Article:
Malta was an important cultic center for earth-mother worship in the 4th millennium B.C. Recent archeological work shows a developed religious center there long before those of Sumer and Egypt. Malta's written history began well before the Christian era. Originally the Phoenicians, and later the Carthaginians, established ports and trading settlements on the island. During the second Punic War
(218 B.C.), Malta became part of the Roman Empire. During Roman rule, in A.D. 60, Saint Paul was shipwrecked on Malta at a place now called St. Paul's Bay.
In 533 A.D. Malta became part of the Byzantine Empire and in 870 came under Arab control. Arab occupation and rule left a strong imprint on Maltese life, customs, and language. The Arabs were driven out in 1090 by a band of Norman adventurers under Count Roger of Normandy, who had established a kingdom in southern Italy and Sicily. Malta thus became an appendage of Sicily for 440 years. During
this period, Malta was sold and resold to various feudal lords and barons and was dominated successively by the rulers of Swabia, Aquitaine, Aragon, Castile, and Spain.
In 1522 Suleiman II drove the Knights out of Rhodes. They dispersed to their commanderies in Europe and after repeated requests for territory to Charles V, in 1530 the Knights were given sovereignty of Malta under the suzerainty of the Kings of Sicily. In 1523, a key date in Maltese history, the islands were ceded by Charles V of Spain to the Order of the Knights of St. John of Jerusalem. For
the next 275 years, these famous "Knights of Malta" made the island their domain. They built towns, palaces, churches, gardens, and fortifications and embellished the island with numerous works of art and enhanced cultural heritage. In 1565 Suleiman the Magnificent laid siege to Malta. After several months the strength of the Knights and the Maltese population prevailed and the Turks were
defeated. Over the years, the power of the Knights declined, however, and their rule of Malta ended with their peaceful surrender to Napoleon in 1798.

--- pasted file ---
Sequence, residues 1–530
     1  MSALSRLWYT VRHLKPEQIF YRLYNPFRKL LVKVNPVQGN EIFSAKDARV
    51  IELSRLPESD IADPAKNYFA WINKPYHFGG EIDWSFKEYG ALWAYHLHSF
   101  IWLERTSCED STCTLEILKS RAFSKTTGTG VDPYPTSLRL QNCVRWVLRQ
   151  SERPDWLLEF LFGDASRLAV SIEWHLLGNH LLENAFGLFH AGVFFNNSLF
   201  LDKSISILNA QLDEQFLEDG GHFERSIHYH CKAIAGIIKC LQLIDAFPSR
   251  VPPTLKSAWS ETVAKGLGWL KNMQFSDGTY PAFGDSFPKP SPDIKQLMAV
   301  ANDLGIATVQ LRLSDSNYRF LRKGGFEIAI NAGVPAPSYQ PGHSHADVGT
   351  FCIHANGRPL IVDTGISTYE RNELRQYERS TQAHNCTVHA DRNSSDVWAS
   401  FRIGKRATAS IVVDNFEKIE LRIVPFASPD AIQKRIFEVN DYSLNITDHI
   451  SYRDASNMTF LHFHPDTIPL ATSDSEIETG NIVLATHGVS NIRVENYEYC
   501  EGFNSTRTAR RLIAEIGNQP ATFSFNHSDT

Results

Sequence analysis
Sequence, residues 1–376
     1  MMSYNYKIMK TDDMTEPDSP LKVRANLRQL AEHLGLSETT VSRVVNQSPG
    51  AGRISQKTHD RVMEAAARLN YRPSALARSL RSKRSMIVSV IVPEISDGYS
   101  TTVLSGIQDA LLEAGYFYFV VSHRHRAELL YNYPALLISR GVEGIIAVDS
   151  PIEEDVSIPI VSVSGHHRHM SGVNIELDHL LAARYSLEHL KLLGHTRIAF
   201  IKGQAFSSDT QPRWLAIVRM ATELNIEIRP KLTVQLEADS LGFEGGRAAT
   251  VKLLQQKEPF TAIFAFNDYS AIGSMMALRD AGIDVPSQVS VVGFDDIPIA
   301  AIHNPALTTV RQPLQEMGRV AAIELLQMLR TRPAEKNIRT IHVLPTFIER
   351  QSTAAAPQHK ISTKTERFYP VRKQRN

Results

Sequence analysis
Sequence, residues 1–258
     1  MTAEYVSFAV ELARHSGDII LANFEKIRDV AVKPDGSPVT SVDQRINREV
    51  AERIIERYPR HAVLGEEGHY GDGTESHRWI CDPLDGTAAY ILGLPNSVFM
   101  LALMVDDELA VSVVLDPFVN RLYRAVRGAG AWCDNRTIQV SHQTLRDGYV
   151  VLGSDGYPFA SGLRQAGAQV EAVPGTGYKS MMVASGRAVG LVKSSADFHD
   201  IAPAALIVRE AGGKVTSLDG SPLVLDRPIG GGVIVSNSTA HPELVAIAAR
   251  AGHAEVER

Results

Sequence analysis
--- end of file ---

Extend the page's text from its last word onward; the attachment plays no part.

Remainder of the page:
The people of Malta rose against French rule, which lasted two years, and with the help of the British evicted them in 1800. In 1814, Malta voluntarily became part of the British Empire. Under the United Kingdom, the island became a military and naval fortress, the headquarters of the British Mediterranean fleet. During World War II, Malta survived relentless raids from German and Italian
military forces (1940-43). In recognition, King George VI in 1942 awarded the George Cross "to the island fortress of Malta--its people and defenders." President Franklin Roosevelt, describing the wartime period, called Malta "one tiny bright flame in the darkness." Malta obtained independence on September 21, 1964.
Two parties dominate Malta's polarized and evenly divided politics--the Nationalist Party, led by Prime Minister Lawrence Gonzi, and the Malta Labor Party, led by Alfred Sant. Elections invariably generate a widespread voter turnout exceeding 96%. The margin between the two parties is so narrow that a 52% share of the votes can still be considered a "landslide" for the winning party. Prior to
the May 1987 election, the Maltese constitution was amended to ensure that the party that obtained more than 50% of the popular vote would have a majority of seats in parliament and would thereby form the government. The then-Labor Party government proposed this constitutional amendment in exchange for Nationalist Party (in opposition at the time) agreement to two other amendments to the
constitution: The first stipulates Malta's neutrality status and policy of nonalignment, and the second prohibits foreign interference in Malta's elections.
The 1996 elections resulted in the election of the Labor Party by 8,000 votes to replace the Nationalists, who had won in 1987 and 1992. Voter turnout was characteristically high at 96% with the Labor Party receiving 50.72%, the Nationalist party 47.8%, the Alternativa Demokratika (associated with the Greens) 1.46%, and independent parties 0.02%. In 1998 the Labor Party lost a parliamentary
vote, leading the Prime Minister to call early elections. The Nationalist Party was returned to office in September 1998 by a majority of 13,000 votes and holds a 5-seat majority in parliament. Voter turnout was 95%. The Nationalist Party won 51.81%, the Labor Party won 46.97%, Alternativa Demokratika 1.21%, and independent parties 0.01%.
A referendum held on March 8, 2003 resulted in a 54% majority vote in favor of membership in the European Union (EU) with 91% voter turnout. The opposition Labor Party, strongly opposed to EU membership and having conducted a very strong “No” campaign, refused to recognize the result of the referendum. The Prime Minister called an early election on April 12, 2003 for a definite mandate from
the electorate. The Nationalists returned to power with 51.79% and 35 seats, and EU membership was confirmed. The Labor Party earned 47.51% and 30 seats, Alternativa Demokratika had 0.68%, and independent candidates were negligible. Voter turnout was 97%. Malta officially acceded to the European Union on May 1, 2004.
On February 10, 2004, the long-time leader of the Nationalist Party, Eddie Fenech Adami, announced his intention to retire and resigned as leader of the party. Following his election as Nationalist Party leader, Lawrence Gonzi officially became the Prime Minister of Malta on March 22, 2004.